All of my Women
What she told me that afternoon blew my mind...
My mother said she’d been married to another man before she met my father. “My first husband was a revolutionary,” she explained, telling me about the 1960's Dominican Revolution, in which the Dominican people rose up to overthrow the American-backed dictator General Wessin y Wessin, and restore power to their democratically elected president. “He was killed in the uprising,” she continued. “They found his body floating down the river.” Even though my mother was an educator and not involved in politics, my grandfather feared she would be targeted by the same forces who killed her husband. To keep her safe, he orchestrated a plan to smuggle my mother out of the Dominican Republic and into Venezuela, a place that nowadays would be the furthest from a safe harbor. As a young woman, my mother fled her home via an underground railroad, leaving behind her parents, her friends, and my older sister, at that time her only child. In Venezuela, she met my father, an entrepreneur who owned a string of grocery stores. I never remember meeting him but from what I hear he passed on to me a head for business (at least that’s the word on the streets). The stubborn, don’t take no for an answer, travel and seeing the world came directly from her, my mother.
If you’ve seen the movie starring Selma Hayek and James Olmos titled “In The time of the Butterflies” then you know what revolution I am talking about. If not, I highly recommend watching it. My mother was right in the middle of all that mess.
I was conceived in Venezuela and all 12 pounds of me was introduced to the world in Providence Rhode Island, (yes, I said 12 pounds). At the time I was the only one with a navy blue passport which helped in many ways. My mother said that the first thing the nurse said was “well, you have yourself a football player” as if she could see into the future or was a practicing voodoo (I promise to share more about that at another time). Shortly after I was born I went back home to the Dominican Republic with my mother. Time had past and we were all reunited back home with my sister, grandmother and uncles and aunts of which there were 42 of at the time. Yes, 42 aunts and uncles (mostly aunts but that’s a different story).
You see, I was raised in a house full of women who were living in a country that looked at them as second class citizens at that time and who thought their place was in the home, something that all of my women debunked and challenged. These women were strong AF and I was the only little guy running around. When kids would pick on me, since I didn’t have brothers or an example of how a man should handle those situations, I learned how these strong and sometimes crazy women handled them. I remember my favorite cousin, Iris would walk me around the block when I was 5 or 6, she wasn’t much older than me, maybe 9 or 10, but she was one of those kids who you really didn’t wanna mess with. I learned how to stand up for myself but most of all I found my value through my personal girl gang squad; I refer to them as “all my women”. They had everything to prove and all the odds were stacked against them which they met head on with a" don't take no for an answer" chip on their shoulders. I credit them all for moving our family forward.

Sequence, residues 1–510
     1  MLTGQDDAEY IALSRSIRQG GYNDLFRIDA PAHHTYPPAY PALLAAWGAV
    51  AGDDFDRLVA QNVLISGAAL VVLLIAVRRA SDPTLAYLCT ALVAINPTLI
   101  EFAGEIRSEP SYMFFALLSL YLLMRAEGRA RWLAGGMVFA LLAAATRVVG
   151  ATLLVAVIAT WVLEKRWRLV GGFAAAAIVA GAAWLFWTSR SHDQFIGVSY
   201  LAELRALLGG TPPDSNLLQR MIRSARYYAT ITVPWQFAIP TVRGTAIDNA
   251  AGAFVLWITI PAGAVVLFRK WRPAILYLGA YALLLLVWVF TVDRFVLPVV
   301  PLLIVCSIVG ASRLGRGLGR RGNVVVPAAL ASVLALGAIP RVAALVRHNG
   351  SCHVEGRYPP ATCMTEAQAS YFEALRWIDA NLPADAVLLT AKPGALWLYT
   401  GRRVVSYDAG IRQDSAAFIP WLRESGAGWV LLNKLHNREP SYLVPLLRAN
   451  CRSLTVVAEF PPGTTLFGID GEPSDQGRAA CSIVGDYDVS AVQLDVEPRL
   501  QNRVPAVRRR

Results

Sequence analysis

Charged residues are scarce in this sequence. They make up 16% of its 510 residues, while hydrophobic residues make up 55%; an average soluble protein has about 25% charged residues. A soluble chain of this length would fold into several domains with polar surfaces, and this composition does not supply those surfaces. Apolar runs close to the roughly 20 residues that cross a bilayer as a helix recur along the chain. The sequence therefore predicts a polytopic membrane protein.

Fast forward a few years and picture me addressing the national media in the Dominican Republic in both English and Spanish at a press conference for the International Children's Heart Foundation which I was the CEO of. One of my proudest moments ever was me sitting down at the media table and listening to the former First Lady at the time, Margarita Cedeño de Fernández (now the Vice President of the country) say "you see, men like Alberto who’ve had the opportunity to live outside of our country and now come back to our island is what keeps me going”. While she was saying that all I could think about was how proud all my women were of their skinny and light skinned boy that they all needed to protect
To this day, my girl gang is stronger than ever. At times they still think I am six years old and thank goodness because when I had no one to call from the jail after being arrested they all came to the rescue, starting with my older sister Yvonne.
In 1965, the workers and farmers of the Dominican Republic poured into the streets, arms in hand, with the goal of creating a truly democratic, independent country. Under the leadership of the heroic Francisco Caamaño, they successfully held off U.S.-backed right-wing forces, and even members of the U.S. military itself for some time, although unfortunately, they were eventually defeated.
Images from "Allow me to Explain" (LINK) and Google